Yesterday at the Day Job, a co-worker emailed me a question regarding recording a High Definition cable TV program on a standard DVD-R instead of BluRay.
I wrote back to her that I even though my TV is HD, my cable TV connection is standard definition, so I really had no experience or knowledge along those lines.
She asked why had I not upgraded my cable TV service? The reason is simple enough. Over the years, I accumulated a large number of movies that I purchased on store-bought VHS video cassettes. Well over 100 movies, maybe closer to 200.
When I finally gave in and bought a DVD player, I promised myself that I would not immediately run out and begin buying all those movies all over again on DVD.
If I told you that I have succeeded at keeping that promise, I would be a liar.
It is true that I have succeeded in not repurchasing ALL of my VHS movies on DVD. But I have once again bought a significant number of them. Not as many as I was afraid I would, true, but more than I should have. More than my financial situation warranted.
Years ago, Gillette achieved dominance in the men’s razor market by giving away their razors for free, then charging exorbitant prices for the patented blades, which could not be bought from anyone except them.
No one that I am aware of is giving away BluRay players for free. However, the price of the players has dropped dramatically in recent years, to the point where the expense of buying the player is really insignificant.
The price of movies recorded on BluRay is anything BUT. Especially when you’re talking about quantities that number in the hundreds.
If I were to buy a BluRay player, it would be even harder to resist the temptation to begin re-buying all my movies.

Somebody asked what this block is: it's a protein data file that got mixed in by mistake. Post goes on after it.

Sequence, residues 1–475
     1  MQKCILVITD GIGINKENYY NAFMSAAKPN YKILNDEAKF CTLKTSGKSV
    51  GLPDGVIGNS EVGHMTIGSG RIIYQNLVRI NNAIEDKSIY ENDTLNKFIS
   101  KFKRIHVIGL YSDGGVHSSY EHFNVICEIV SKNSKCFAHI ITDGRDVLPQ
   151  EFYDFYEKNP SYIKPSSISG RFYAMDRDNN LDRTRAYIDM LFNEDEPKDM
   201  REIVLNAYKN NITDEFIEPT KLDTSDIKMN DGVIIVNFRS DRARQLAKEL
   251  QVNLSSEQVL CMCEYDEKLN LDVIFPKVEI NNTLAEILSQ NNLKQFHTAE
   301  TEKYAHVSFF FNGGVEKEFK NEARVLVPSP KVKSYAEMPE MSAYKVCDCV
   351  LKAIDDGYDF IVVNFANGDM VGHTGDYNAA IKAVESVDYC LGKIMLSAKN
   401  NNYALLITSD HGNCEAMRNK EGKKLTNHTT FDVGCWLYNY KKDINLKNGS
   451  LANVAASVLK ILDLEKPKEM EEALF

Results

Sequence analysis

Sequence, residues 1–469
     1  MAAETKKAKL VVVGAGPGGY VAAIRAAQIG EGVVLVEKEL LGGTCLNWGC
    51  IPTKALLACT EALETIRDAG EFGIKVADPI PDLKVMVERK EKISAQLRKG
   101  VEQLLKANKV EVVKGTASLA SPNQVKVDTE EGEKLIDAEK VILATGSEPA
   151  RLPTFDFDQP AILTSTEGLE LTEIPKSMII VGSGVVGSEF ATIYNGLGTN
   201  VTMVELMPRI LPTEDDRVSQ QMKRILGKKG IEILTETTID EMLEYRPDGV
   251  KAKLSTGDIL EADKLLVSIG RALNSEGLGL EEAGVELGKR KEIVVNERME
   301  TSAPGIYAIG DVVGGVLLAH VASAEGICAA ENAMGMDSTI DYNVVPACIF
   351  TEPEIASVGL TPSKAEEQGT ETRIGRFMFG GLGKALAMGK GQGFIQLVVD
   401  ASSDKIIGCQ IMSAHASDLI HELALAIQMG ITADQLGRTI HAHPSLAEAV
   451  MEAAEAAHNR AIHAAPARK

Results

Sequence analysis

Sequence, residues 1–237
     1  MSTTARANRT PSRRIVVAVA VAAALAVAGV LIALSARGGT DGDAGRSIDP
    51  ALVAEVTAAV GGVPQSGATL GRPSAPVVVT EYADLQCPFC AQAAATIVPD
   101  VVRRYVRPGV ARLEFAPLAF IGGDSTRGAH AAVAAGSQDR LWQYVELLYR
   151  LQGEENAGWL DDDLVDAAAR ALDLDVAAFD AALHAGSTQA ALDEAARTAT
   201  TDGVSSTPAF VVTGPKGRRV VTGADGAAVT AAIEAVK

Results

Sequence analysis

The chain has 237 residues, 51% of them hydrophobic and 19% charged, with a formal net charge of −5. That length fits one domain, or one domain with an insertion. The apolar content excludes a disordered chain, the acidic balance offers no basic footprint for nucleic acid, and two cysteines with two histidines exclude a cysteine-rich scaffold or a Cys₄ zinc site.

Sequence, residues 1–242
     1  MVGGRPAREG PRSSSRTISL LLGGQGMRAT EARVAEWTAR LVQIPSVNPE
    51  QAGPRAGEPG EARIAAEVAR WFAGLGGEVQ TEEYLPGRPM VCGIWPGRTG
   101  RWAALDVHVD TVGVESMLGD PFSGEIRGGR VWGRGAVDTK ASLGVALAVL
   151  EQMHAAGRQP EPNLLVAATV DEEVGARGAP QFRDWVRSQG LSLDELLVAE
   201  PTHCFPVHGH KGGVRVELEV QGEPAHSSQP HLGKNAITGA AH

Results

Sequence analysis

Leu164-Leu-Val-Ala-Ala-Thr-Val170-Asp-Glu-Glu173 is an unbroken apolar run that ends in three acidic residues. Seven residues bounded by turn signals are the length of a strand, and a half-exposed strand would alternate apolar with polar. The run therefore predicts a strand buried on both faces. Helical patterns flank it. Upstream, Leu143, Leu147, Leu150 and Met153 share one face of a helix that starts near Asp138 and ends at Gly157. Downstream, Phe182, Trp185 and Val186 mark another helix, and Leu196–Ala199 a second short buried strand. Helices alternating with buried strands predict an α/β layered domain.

Perhaps impossible. The simple fact is that the difference in picture quality between DVD and BluRay is so great that it would be extremely difficult to not give in. Even now as I type these words, part of my brain is wondering just how cheaply I could get a player today.
Not that I would run right out to go BluRay shopping and come back from the store with an arm load of disks. Nor would I jump on Amazon or eBay and order a boxful of titles. I would hold out for a while.
Eventually though, I would go to my DVD collection and grab my copy of “Harry Potter and the Deathly Hallows Part 2,” which came with both DVD and BluRay versions in the box, and I would watch the BluRay version for the first time.
At that point, as The Borg say, further resistance would be futile. Money that I should spend on paying down my credit cards so I can retire in five years would instead be spent buying (I mean RE-buying) BluRay copies of movies I have already bought and paid for at least once, if not twice.
So I will continue to “get by” with my DVD’s for as long as I can. I know the day will come when my trusty JVC machine, which plays both DVD’s and VHS video cassettes, will die.
On that day, I will be assimilated. But not one day sooner!
Thank you for reading this.
Wood Village, Oregon
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